These are linked poems created week by week for a year, inspired by the book No Choice But To Follow, and the poets therein who did it first.

Saturday, 8 November 2014

November #1

Or Any Other Kind Of Pen: a Romance

One word lingers over a blank page
ephemeral, almost transparent, fading
as it wafts away uncaptured.

A second word strays in its wake
vanishes beyond thought, distracted
by a fascination.

There is a mild stir. 
A sentence appears.
For how long? And what was the crime? 
Dragging itself out into the open,
dangling voice and story in front of a jury?
Off the page with you!
Don’t even think of it!

But: mightier than the sword, a pen 
strides into view, leaps to hand, brandishes
ballpoint, strikes a blow for freedom and
in one frenzied dash crashes across paper
leaving a stream of consciousness
full of mixed metaphors
and darlings needing
to be murdered.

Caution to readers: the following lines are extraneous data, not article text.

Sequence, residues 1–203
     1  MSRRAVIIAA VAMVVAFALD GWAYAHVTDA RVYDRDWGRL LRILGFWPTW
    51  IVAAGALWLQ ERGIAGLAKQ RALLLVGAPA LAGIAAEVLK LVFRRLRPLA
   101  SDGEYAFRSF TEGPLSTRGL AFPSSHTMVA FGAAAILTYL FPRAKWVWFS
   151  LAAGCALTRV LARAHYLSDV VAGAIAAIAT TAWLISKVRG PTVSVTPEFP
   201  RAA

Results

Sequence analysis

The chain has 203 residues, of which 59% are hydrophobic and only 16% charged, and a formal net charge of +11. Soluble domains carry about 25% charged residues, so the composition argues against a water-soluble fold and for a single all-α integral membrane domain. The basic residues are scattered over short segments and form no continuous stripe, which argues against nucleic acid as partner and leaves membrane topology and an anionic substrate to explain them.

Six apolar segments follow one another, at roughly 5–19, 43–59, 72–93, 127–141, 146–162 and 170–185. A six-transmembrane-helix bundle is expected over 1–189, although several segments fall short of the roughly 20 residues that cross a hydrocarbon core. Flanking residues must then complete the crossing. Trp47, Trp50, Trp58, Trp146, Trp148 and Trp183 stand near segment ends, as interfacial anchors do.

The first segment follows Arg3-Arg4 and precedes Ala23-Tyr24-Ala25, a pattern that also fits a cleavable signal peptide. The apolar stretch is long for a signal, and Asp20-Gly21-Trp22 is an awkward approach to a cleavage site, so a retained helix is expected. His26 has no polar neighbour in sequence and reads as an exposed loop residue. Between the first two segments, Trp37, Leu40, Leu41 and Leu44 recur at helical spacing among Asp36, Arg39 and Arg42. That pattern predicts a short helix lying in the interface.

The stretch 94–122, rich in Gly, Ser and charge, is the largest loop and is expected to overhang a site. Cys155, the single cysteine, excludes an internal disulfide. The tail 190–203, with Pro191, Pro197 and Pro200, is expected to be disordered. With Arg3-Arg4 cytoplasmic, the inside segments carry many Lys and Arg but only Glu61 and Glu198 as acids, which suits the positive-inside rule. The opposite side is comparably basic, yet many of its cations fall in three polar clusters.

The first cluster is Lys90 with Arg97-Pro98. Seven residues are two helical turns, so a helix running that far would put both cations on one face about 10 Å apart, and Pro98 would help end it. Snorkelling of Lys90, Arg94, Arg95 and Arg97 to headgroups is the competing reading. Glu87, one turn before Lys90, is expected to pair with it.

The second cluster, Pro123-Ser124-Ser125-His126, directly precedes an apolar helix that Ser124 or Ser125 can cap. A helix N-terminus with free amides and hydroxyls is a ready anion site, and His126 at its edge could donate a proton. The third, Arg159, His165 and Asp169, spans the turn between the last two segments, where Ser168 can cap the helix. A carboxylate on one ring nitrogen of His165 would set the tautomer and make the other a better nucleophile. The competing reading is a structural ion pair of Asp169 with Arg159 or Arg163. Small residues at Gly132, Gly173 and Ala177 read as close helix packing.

Words tremble as the world they’ve created
comes to a full stop.

— Jennie Fraine


  1. I'm totally in love with this romance poem! :)

  2. I love this! "leaving a stream of consciousness"...perfect!

    But now I have to ask...Rosemary once told me whilst helping me edit on of my poems to "murder my darlings." What does this saying actually mean?

  3. Ha ha Delaina ... is this an Aussie-ism? Darlings = beloved but do they do the best job at saying what must be said?

  4. No it's not an Aussie-ism; it was reportedly first said by Alfred de Musset to Guy de Maupasant, whom he was mentoring. (Though I have seen it attributed to other, English writers too.) Apart from that, Jennie has nailed it, but I'll elaborate a little. They are the bits of writing you are so thrilled with and proud of that you would change anything but that. Often they are the very things that should go. A strikingly beautiful simile might interrupt the flow of the writing, whereas plainer language would serve better. A phrase which perfectly says what you mean might skew the rhythm. And so on. If you resist changing something even if the poem as a whole would be better if you did, it's one of those 'darlings'. Murder it so the poem will live!


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